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\title[ Value and position of left--to--right
maxima]
{Combinatorics of geometrically distributed random
variables:\\ Value and position of the $r$th left--to--right
maximum}
\author{Arnold Knopfmacher and Helmut Prodinger}
\address{ Arnold Knopfmacher,
Centre for Applicable Analysis and Number Theory,
Department of Applied Mathematics,
University of the Witwatersrand, P.~O. Wits,
2050 Johannesburg, South Africa, email:
{\tt arnoldk@gauss.cam.wits.ac.za}.
}
\address{ Helmut Prodinger,
Centre for Applicable Analysis and Number Theory,
Department of Mathematics,
University of the Witwatersrand, P.~O. Wits,
2050 Johannesburg, South Africa, email:
{\tt helmut@gauss.cam.wits.ac.za}.
}
\date{September 6, 1999}
\begin{document}
\begin{abstract}
For words of length $n$, generated by independent geometric
random variables, we consider the average value and the
average position of the $r$th left--to--right maximum, for
fixed $r$ and $n\to \infty$.
\end{abstract}
\maketitle
\section{Introduction}
\label{sec:intro}
For a permutation $\sigma_1 \sigma_1\dots \sigma_n $,
a {\em left--to--right maximum\/}
({\em outstanding element, record,\dots\/})
is an element $\sigma_j$ with $\sigma_j>\sigma_i$
for all $i=1,\dots,j-1$. The number of
left--to--right maxima was first studied by R\'enyi \cite{Renyi62},
compare also \cite{Knuth68}. A survey of results on this topic
can be found in \cite{Glick78}.
In particular the study of records has applications to observations
of extreme weather problems, test of randomness, determination
of minimal failure, stresses of electronic components, etc.
Recently Wilf in \cite{Wilf95} proved the formula
$(1-2^{-r})n$
for the average {\em value \/} of the $r$th
left--to--right maximum, for fixed $r$ and $n\to\infty$;
for the average {\em position\/} he obtained
the asymptotic formula
$(\log n)^{r-1}/(r-1)!$.
In \cite{Prodinger96c} the number
of left--to--right maxima was investigated
in the model of {\em words\/} (strings) $a_1\dots a_n$,
where the letters $a_i\in\mathbb N$ are independently
generated according to the geometric distribution with
$ \Prob{\{X=k\}}=pq^{k-1}$, with $p+q=1$.
(We find it useful also to use the abbreviation $Q=q^{-1}$.)
The motivation for this work comes from Computer Science.
In this context records arise in the study of skip lists
\cite{PaMuPo92, KiPr94} and probabilistic counting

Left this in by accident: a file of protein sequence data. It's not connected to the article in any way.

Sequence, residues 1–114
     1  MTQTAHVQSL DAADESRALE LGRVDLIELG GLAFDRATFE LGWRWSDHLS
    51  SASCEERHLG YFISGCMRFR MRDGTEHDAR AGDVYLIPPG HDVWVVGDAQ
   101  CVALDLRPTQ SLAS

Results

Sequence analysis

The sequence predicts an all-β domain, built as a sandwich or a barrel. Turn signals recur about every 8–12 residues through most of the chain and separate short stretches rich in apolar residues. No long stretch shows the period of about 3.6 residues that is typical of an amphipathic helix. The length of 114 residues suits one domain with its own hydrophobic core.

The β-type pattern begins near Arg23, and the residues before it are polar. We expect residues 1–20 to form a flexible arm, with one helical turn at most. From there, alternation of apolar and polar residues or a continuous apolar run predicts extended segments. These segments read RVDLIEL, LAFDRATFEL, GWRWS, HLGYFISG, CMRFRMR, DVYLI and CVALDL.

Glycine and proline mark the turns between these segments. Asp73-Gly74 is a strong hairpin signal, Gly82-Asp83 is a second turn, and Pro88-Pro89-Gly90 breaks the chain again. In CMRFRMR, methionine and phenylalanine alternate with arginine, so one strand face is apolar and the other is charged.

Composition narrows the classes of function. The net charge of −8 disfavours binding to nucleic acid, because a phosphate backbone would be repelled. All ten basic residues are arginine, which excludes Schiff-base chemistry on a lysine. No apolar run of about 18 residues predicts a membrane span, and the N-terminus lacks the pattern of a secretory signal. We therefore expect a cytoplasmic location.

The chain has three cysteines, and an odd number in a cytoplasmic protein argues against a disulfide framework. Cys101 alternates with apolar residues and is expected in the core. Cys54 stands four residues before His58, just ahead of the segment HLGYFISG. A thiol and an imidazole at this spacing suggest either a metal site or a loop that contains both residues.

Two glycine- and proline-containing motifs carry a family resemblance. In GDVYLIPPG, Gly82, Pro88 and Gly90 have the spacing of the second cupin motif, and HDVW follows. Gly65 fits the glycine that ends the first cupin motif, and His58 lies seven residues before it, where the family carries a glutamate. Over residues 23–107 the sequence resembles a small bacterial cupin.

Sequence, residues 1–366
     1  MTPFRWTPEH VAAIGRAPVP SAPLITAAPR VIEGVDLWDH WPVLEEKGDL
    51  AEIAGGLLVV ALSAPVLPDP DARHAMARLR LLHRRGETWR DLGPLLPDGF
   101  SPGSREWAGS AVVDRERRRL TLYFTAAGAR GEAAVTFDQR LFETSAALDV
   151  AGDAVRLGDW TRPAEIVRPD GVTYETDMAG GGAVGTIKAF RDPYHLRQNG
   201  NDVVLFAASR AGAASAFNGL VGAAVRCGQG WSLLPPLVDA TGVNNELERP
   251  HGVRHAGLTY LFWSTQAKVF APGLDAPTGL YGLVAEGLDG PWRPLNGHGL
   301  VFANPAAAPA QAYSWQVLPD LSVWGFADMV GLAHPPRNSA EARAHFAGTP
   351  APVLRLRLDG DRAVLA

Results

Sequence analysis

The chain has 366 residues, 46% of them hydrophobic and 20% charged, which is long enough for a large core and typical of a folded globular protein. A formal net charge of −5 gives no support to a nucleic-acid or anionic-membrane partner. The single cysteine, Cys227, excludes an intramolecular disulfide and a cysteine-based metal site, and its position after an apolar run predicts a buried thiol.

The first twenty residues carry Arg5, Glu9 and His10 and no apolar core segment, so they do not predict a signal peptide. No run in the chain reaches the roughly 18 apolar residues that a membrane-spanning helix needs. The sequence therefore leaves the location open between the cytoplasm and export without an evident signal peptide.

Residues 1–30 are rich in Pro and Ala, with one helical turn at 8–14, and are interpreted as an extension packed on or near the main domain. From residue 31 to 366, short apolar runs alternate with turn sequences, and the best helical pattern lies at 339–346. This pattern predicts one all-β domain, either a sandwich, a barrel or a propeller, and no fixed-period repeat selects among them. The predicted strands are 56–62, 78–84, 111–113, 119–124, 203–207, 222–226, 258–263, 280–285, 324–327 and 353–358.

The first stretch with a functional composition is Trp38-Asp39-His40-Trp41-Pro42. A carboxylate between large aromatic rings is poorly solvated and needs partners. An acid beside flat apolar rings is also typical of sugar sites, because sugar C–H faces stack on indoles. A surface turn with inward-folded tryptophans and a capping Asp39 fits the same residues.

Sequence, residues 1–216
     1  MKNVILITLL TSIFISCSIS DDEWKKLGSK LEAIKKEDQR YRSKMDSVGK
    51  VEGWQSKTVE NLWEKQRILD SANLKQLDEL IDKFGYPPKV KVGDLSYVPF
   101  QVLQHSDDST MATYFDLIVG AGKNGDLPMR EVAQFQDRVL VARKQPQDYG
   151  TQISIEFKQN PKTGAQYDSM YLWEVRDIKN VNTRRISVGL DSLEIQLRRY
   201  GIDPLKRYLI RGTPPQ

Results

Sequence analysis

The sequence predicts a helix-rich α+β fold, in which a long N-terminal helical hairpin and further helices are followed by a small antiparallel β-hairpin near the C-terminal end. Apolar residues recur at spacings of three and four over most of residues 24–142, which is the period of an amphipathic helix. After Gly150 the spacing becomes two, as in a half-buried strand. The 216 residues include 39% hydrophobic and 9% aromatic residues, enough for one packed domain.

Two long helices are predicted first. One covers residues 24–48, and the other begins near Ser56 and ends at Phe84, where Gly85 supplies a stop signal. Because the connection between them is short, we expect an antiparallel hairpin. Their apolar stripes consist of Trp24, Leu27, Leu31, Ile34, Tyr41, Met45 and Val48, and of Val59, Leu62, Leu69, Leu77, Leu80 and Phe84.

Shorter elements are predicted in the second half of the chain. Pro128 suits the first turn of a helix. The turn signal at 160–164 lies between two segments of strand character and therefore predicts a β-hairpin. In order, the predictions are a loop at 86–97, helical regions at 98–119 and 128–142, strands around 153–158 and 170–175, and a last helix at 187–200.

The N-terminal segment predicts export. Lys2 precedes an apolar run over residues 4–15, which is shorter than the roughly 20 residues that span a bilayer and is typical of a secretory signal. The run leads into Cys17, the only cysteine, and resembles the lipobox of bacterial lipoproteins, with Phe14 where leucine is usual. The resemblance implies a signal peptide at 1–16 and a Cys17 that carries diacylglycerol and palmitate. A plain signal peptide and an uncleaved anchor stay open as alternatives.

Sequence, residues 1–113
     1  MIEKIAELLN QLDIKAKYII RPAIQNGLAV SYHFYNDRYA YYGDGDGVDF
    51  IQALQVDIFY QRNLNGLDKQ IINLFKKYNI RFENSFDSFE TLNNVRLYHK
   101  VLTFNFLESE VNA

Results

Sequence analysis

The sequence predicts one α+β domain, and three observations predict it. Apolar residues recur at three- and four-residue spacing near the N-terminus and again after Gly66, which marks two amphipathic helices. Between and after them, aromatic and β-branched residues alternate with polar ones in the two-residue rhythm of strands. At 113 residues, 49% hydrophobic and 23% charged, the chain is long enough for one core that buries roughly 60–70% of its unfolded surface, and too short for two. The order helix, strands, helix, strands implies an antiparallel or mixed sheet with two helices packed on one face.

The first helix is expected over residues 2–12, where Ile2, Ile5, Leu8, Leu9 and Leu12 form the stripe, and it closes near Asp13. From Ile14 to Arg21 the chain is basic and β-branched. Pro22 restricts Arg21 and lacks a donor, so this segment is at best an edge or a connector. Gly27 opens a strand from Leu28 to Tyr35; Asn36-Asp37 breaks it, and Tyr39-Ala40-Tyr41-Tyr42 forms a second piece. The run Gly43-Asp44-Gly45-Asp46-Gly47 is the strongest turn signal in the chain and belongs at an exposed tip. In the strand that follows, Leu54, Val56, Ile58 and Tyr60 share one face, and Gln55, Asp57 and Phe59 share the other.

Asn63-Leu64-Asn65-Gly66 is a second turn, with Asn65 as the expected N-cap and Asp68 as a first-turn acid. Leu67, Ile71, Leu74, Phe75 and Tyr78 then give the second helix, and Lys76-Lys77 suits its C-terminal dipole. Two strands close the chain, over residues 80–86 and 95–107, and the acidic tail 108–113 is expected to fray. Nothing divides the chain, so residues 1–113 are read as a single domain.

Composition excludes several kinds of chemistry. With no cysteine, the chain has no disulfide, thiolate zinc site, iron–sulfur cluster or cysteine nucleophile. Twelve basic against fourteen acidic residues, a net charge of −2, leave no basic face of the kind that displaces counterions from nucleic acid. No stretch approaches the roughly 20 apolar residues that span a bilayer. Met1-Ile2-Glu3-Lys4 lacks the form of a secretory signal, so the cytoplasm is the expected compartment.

\cite{FlMa85, KiPr93}.
Also, since equal letters are now allowed, there are two
versions that should be considered in parallel, the standard
version, and the weak version, where `$<$' is replaced
by `$\le$,' which means that a new maximum only
has to be larger or equal to the previous ones.
The paper \cite{Prodinger96c}
contains asymptotic results about the
average and the variance of the
number
of left--to--right maxima in the context of geometric random
variables.
(H.--K.~Hwang and his collaborators obtained further
results about the limiting behaviour in \cite{BaHwLi98}.)
Motivated by Wilf's study we consider here the two
parameters `value' and `position' of the
$r$th left--to--right maximum
for geometric random variables.
Summarizing our results, we obtain the
asymptotic
formul{\ae}
$\frac rp$ and
$\frac{1}{(r-1)!}\big(\frac pq\log_Qn\big)^{r-1}$
resp.
$\frac {rq}p$ and
$\frac{1}{(r-1)!}\big(p\log_Qn\big)^{r-1}$
in the weak case.
A certain knowledge of \cite{Prodinger96c}
might be beneficial to understanding the present
derivations.
It should be noted that not all
random strings of length $n$
{\em have\/} $r$
left--to--right maxima.
Let us start with the {\em value.}
The generating function of interest is
\begin{equation}
\text{{\sf Value}}(z,u):=
\frac{1}{1-z}
\prod_{i=1}^{h-1}\left\{
1+\frac{pq^{i-1}zu}{1-(1-q^i)z}\right\}
zpq^{h-1},
\end{equation}
which originates from the (unique) decomposition of a string
as $a_1w_1\dots a_{r-1}w_{r-1}a_r w$ where
$a_1,\dots, a_r$ are the left--to--right maxima,
the $w_i$ are the strings between them, and $w$ can be anything.
Note that if $a_k=l$, then this corresponds to a term
$pq^{l-1}zu$.
Any letter in $w_k$ can come with the probability
$1-q^k$,
and thus $w_k$ corresponds to $\sum_{j\ge0}(1-q^k)^jz^j=1/\big(
1-(1-q^k)z\big)$. A particular value $i$ does not necessarily occur
as a left--to--right maximum; that is reflected by the
$1+\dots$ in the product. However, when we look for the
coefficient of $u^{r-1}$, we have seen $r-1$
left--to--right maxima, and the $r$th has value $h$.
What comes after that is irrelevant and covered by the
factor $1/(1-z)$.
(Compare \cite{Prodinger96c} for similar generating functions.)
In the sequel we find it useful